As featured in Furniture Today – There’s no shortage of talk about the importance of adding “fresh, unique content” to your website. But for every marketer who expounds this seemingly critical component, there’s a retailer rolling his or her eyes while thinking, “How will I find the time to do that and what will I even write about?”
We’ll take a look at what content is, how you find the time to create it, and why content is meaningful — if it even is meaningful.
First, what is “unique content?” In the context of your store’s website and online persona, content is simply information conveyed in text, sound, pictures or video. In theory, said content will have meaning and be helpful to the viewers of your site. It should provide advice, entertainment or education.
In some cases, the content on its own is interesting enough to grab people’s attention and hold it long enough for others to be willing to pay to be included in that content; think of TV shows. Creating this type of engaging content is immensely difficult — which is why Hollywood writers get paid big bucks.
But for most furniture retailers, that’s not the most important function of fresh content.
For most stores, customers aren’t visiting your website regularly to see what new and interesting content you’ve created. What’s the point then?
Why add content?
There are a few valid reasons a retailer should be adding content to their website. As mentioned previously, if you’re a gifted writer, perhaps you can create content so engaging that it alone will draw repeat visitors to your website. And we all know attracting more visitors to your website is the goal. But if you’re not Harper Lee, there’s still an important reason to add new content — Google.
The infamous algorithms of Google are constantly searching the web for more relevant information. The more information your website contains, the more likely it is to be seen as a valuable source for Google to present to people searching for the items and services you offer online. And Google, being in effect a machine, doesn’t itself discern between well-crafted prose and simply words on a “page.” Google relies on its users to declare the value of your content, and it comes to that conclusion by assigning a value to the amount of time those users spend on your site. The longer they linger, Google assumes, the more valuable your content must be, and the higher your website should be placed in the search results.
Here are the rubs — most of us don’t have the time, or perhaps skill, to compose captivating literature, and searchers don’t have the patience or inclination to read through our babbling. So, what should you do?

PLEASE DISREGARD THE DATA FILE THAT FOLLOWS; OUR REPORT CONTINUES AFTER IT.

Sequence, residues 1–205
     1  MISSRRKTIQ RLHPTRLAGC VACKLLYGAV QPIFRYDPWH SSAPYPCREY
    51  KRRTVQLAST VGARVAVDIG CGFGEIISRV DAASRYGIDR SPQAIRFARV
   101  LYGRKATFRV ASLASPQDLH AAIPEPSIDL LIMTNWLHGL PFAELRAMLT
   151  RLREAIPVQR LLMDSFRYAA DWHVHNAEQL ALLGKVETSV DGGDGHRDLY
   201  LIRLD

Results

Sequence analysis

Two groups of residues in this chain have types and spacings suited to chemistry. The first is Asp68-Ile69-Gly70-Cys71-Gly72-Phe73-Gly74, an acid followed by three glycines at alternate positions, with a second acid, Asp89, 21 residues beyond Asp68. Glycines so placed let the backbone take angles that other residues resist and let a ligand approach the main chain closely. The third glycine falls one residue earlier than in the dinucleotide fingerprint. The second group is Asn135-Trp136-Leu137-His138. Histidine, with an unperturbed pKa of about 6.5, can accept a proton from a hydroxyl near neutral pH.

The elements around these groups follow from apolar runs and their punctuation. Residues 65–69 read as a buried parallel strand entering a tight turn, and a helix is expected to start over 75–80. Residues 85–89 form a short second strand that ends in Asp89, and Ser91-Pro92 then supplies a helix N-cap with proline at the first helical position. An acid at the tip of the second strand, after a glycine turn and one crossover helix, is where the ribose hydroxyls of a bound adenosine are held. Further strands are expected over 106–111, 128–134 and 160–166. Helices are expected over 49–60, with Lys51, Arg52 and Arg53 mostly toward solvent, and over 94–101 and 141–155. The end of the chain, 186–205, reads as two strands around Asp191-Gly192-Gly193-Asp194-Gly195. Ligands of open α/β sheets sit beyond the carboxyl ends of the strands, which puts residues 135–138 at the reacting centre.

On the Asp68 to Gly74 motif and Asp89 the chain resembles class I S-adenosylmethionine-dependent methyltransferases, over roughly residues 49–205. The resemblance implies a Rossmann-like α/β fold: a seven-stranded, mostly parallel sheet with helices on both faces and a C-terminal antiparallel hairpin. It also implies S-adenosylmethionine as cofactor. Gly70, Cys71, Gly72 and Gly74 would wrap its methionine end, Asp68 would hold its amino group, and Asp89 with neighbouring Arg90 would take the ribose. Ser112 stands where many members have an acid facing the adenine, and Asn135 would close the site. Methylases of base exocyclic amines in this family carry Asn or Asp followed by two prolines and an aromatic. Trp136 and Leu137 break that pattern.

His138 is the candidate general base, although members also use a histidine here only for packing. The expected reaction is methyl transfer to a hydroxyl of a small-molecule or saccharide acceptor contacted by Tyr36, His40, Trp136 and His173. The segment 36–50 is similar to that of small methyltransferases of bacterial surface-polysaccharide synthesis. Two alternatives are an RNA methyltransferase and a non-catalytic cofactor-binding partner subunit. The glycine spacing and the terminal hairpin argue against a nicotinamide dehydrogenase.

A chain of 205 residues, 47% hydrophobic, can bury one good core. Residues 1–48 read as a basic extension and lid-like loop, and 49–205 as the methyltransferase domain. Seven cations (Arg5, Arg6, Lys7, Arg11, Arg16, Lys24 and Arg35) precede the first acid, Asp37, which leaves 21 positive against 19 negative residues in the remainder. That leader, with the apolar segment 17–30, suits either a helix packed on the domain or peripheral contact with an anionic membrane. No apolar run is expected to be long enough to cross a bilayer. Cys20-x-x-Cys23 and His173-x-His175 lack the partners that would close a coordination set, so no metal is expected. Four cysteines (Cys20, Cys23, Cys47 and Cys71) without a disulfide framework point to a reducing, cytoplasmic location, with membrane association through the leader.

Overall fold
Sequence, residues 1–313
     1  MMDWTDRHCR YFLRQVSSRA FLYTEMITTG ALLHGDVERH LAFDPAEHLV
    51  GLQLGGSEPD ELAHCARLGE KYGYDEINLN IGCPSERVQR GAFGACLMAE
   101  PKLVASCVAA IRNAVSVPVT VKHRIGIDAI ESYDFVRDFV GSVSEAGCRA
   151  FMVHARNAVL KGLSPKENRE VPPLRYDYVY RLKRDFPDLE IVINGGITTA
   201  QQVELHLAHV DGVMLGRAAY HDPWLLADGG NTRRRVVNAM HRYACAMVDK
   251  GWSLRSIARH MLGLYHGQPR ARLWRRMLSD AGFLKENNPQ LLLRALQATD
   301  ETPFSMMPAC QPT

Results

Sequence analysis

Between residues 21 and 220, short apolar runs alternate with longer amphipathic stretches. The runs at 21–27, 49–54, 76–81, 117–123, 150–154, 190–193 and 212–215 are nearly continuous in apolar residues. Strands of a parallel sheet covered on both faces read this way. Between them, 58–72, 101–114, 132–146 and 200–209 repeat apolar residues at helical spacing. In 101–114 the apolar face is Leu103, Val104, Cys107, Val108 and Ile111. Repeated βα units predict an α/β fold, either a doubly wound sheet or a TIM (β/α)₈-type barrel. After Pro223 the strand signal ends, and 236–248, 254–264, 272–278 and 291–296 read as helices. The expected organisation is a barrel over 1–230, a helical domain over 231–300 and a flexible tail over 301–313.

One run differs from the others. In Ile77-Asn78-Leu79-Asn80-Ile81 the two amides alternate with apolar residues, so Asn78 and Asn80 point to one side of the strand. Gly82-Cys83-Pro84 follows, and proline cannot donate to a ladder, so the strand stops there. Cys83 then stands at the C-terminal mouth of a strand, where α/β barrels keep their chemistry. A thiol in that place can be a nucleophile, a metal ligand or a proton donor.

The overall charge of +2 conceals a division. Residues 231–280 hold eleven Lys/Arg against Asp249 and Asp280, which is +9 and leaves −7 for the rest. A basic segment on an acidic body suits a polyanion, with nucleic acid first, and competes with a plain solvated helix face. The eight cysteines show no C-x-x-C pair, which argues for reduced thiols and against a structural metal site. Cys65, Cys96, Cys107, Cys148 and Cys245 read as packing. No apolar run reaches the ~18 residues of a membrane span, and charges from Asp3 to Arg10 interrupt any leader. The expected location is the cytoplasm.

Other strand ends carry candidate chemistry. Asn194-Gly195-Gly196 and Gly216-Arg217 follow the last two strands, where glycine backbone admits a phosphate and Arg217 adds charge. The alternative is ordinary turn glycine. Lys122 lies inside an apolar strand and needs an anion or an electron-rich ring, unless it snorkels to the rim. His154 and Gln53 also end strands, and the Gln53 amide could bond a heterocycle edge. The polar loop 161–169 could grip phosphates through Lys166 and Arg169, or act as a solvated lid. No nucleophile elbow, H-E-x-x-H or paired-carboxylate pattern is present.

Out-write your competitors
The bright side is that, in most cases, you don’t have to out-compose wordsmiths; you just have to out-write your competitors. The competitors near you aren’t likely capturing the undivided attention of searchers either. Thus, Google isn’t necessarily comparing your content with the content on The New York Times website; it’s comparing yours with the content on the sites of the stores around you. All you have to do to win is create more meaningful content than them, and they have just as little time as you. How do you do that quickly and easily?
How do you create more meaningful content?
Rely on your salespeople and delivery crew. Ask them to send you a text, short and sweet, with the following information from the customer:
3. How you solved the problem
4. Picture of the item
5. Item number
An example could look something like this: “Mrs. J. from Albany, NY needed a sleeper for guests coming this weekend. We had four in stock and delivered the ABC123 from Super Vendor to her on Saturday. Here’s a picture.”
Then you copy and paste that short snippet to your website, and Facebook and Instagram, too, while you’re online. It took nearly no time from you while accomplishing several objectives for increasing the value of your website content. You’ve listed a city where you deliver, you’ve listed a category of item you sell, you’ve let shoppers know you have items in stock, you’ve listed a specific item number and brand name in case they already know what they’re searching for, and you’ve kept it short enough to not lose shoppers’ attention — all while feeding Google new, exclusive content. This is much more valuable for your Search Engine Optimization than dropping a list of cities you deliver to in the fine print on the bottom of your home page, which stays there forever, becoming stale. And much more effective than the product description you uploaded from your supplier’s catalog that’s identical to all the other descriptions of that product around the internet. It’s also more personal to your store than syndicated content that can be purchased from a writer. All these points will promote a favorable opinion of your website by Google’s algorithm.
While you might post this in the Blog section of your website, consider it a short Case Study rather than a blog post, and rid yourself of the anxiety accompanied by the thought of having to write an essay each week. To encourage buy-in from your staff, consider rewarding them with a small spiff for each piece of content, or have a contest for the most posts submitted each month. In the end, any content you post is infinitely more valuable than the content you don’t post.
You don’t necessarily need a “Blog” per se, but you will be rewarded by adding original content to your online presence as frequently as possible.